Well, we did it again.   At 0710 this morning we sneaked into the harbor at Kiiu Suido to see if there was any shipping around.   We ran right into a very large freighter, one smaller tanker, and 5 escort vessels.   We went to battle stations and made a run on them.   We fired 3 fish at the freighter and started to come left to fire at the tanker, when two of the fish hit the freighter at 1400 yards.   He must have been carrying ammunition or high octane gas as he just disintegrated.   The concussion when he exploded was so great that it broke light bulbs and the glass faces of engine dials.   We lost control of the boat for a moment and had no chance to shoot at the tanker.   We started deep with the escorts making all speed for us.   The first one started dropping charges that shook the hell out of us, and as he passed over us, we let go with a doodle bug at him.   It hit him, and he sank.   The rest of them became cautious then and started pinging on us to find out our exact position.   We kept on going down, and what a surprise we got.   We hit bottom at 270 feet.   Either we were wrong about our position, or the chart of the harbor was wrong.   Gee, that's a hell of a feeling when you start getting depth charged and want plenty of water over you and get caught in shallow water.   We started to get out of there in a hurry, and they followed us all day and kept dropping charges.   At 1530 this afternoon we finally lost them.   We are out to sea now charging batteries, and maybe we can get some sleep.

Apr 20, 1945 - 0100 - Today is my wedding anniversary and maybe it will be celebrated with some more noise.   I guess we are going back into the harbor in the morning and see if we can get the tanker.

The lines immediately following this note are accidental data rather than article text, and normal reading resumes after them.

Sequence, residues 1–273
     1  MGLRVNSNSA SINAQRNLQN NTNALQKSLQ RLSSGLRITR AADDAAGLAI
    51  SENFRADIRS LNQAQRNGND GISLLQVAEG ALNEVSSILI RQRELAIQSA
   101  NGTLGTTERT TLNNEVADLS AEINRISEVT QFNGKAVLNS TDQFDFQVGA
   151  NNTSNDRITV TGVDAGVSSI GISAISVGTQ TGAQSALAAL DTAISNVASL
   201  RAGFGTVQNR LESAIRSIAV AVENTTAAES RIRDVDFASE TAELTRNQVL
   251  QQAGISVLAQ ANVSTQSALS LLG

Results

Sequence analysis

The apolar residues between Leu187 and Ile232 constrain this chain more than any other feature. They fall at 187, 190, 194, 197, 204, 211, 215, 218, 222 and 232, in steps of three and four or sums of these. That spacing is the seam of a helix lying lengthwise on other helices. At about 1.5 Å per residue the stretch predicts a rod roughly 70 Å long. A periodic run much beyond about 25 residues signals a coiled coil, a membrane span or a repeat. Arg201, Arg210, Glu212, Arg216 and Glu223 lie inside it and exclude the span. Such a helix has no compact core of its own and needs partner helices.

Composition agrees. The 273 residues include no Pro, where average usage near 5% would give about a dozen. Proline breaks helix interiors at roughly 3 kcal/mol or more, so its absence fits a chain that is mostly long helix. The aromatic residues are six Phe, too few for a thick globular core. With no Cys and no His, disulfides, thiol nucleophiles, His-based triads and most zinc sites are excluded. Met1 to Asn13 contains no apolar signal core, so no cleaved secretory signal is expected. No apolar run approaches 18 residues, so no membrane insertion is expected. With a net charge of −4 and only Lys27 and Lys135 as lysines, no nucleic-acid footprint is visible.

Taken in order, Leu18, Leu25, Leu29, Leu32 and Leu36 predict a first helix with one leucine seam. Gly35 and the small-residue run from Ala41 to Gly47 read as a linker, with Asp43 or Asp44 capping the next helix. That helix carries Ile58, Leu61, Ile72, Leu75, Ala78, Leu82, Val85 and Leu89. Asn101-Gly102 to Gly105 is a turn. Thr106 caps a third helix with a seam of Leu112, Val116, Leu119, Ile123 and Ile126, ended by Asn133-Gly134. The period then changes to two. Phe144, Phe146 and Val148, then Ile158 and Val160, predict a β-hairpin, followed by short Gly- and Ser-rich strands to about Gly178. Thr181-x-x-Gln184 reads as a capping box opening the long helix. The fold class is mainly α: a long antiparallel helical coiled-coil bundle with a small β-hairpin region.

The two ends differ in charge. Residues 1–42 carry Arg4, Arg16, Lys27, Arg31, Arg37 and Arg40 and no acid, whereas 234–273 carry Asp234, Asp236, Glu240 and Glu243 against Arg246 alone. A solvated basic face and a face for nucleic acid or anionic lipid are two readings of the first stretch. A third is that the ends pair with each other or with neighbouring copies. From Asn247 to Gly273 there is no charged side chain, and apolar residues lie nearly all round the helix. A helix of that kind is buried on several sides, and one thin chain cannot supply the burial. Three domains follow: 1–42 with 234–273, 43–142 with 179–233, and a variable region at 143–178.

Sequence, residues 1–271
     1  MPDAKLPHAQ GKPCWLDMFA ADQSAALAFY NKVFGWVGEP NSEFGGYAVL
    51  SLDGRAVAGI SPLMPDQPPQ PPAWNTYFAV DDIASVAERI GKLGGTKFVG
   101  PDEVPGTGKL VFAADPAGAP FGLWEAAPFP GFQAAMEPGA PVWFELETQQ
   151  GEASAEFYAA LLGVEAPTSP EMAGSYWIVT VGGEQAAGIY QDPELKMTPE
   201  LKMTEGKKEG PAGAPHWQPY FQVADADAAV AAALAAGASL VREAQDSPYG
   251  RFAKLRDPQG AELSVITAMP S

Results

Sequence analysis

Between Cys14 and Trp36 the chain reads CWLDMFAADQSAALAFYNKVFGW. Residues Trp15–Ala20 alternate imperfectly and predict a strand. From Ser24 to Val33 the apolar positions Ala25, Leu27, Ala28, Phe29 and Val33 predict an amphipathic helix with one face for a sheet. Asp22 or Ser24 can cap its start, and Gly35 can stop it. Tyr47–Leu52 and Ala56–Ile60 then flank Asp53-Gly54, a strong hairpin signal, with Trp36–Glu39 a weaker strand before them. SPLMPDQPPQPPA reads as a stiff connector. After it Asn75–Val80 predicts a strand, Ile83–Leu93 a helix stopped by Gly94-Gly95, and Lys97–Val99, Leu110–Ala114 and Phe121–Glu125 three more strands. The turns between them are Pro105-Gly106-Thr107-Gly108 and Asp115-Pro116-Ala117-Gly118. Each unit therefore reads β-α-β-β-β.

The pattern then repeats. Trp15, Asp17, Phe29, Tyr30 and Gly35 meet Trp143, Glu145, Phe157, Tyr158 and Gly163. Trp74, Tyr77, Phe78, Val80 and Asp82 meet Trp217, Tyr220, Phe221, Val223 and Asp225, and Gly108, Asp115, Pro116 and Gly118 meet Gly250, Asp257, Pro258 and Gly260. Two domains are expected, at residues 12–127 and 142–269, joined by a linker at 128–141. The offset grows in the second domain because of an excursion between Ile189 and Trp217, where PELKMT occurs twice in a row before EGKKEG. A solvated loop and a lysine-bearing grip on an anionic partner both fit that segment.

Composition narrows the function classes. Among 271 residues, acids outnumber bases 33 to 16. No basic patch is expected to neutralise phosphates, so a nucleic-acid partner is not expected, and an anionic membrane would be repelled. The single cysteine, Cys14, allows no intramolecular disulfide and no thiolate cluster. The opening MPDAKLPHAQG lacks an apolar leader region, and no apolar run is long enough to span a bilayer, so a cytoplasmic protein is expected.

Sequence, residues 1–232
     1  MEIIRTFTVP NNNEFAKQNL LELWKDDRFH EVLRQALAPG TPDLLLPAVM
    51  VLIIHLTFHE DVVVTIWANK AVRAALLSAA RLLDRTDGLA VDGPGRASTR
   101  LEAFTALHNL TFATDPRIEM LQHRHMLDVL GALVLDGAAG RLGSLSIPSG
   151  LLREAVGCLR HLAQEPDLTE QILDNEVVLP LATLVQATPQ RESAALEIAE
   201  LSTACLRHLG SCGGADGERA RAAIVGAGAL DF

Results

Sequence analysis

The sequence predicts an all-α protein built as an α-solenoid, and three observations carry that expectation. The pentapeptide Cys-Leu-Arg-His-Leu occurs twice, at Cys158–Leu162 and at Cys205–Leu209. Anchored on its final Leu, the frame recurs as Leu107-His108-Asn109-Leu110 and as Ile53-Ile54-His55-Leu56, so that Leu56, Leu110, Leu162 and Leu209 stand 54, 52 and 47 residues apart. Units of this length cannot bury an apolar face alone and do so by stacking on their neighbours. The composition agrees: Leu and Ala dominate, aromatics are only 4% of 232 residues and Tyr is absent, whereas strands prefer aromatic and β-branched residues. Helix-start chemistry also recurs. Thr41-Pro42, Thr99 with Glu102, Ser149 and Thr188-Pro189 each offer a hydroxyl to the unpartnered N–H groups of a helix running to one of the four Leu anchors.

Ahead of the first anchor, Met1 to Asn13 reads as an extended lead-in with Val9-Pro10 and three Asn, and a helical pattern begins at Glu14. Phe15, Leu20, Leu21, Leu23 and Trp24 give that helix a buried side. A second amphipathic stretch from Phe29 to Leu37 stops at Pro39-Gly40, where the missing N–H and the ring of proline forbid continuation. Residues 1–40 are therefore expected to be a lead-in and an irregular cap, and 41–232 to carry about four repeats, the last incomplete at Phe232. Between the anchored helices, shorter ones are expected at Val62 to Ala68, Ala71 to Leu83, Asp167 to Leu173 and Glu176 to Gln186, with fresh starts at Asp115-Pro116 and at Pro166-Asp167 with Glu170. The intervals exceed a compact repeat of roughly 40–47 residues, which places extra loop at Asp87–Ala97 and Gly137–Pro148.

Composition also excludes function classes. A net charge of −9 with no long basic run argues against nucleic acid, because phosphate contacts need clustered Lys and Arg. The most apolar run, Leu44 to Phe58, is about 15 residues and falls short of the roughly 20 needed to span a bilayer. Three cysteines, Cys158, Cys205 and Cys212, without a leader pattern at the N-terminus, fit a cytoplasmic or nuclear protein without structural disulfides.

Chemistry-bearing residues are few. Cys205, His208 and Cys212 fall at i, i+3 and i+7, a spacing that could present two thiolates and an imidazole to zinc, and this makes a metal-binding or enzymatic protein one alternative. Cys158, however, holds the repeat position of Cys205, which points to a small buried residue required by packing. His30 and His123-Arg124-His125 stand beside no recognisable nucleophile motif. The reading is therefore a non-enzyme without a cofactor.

Apr 21, 1945 - Ran into a trap this morning, and we were lucky to get out.   The damn Nips must have figured we'd be back after that tanker.   They had a small tanker out in the bay when we came in and 5 P.C. boats and 2 tin cans waiting in a cove a little distance away.   They were sitting there waiting for us with sound gear.   When we were well inside the bay, the P.C. boats moved out into the entrance and the cans started pinging on us.   They started dropping charges, and we tried to get out.   That was the worst depth charging we have had yet.   It was pretty awful for a while.   When we went under the P.C. boats to get out, they dropped all they had.   We got hit with everything from 300 pounders all the way up to 1000 pounders.   We were lucky and finally got out in deep water where we lost them.

Apr 22, 1945 - We are 30 miles out now, and we have a lifeguard station today.   It ought to be quiet for a change.
Gee, we just had some lousy luck.   A fighter pilot flew over us in trouble and signaled he could not make it back to his base, and he was going to bail out and let us pick him up.   He jumped, and and just before he hit the water, a gust of wind swung him and he got tangled up in his chute and the poor guy drowned before we could get to him.   The guys on the boat here sure feel terrible about it.   Well, I guess his number was just up, that's all.

Apr 23, 1945 - Pulled 70 miles out to sea today and submerged.   The Captain decided we needed a little rest to quiet our nerves.   The last week has been a small idea of hell I guess.   Well, we'll be back at it again tomorrow.

Apr 24, 1945 - Tried to go in again this morning.   They were waiting for us and picked us up on sound.   They worked us over and after about 2 hours we lost them.   They were 5 P.C. boats.

Apr 25, 1945 - Out to sea resting up again.   All day dives and charge at night.

Apr 26, 1945 - Went in to Kii Suido again this morning.   Got in and saw nothing all day.   They must be laying low.

Apr 27, 1945 - Out to sea last night and in again this morning.   Same as yesterday - nothing doing.

Apr 28, 1945 - Started into Kii Suido again this morning and caught an unescorted 3000 ton cable layer operating just off the harbor mouth.   Threw 3 electric fish at him and got two hits.   He sank in about 5 minutes.   2 P.C. boats came out looking for us and dropping charges.   We went deep and got out of there.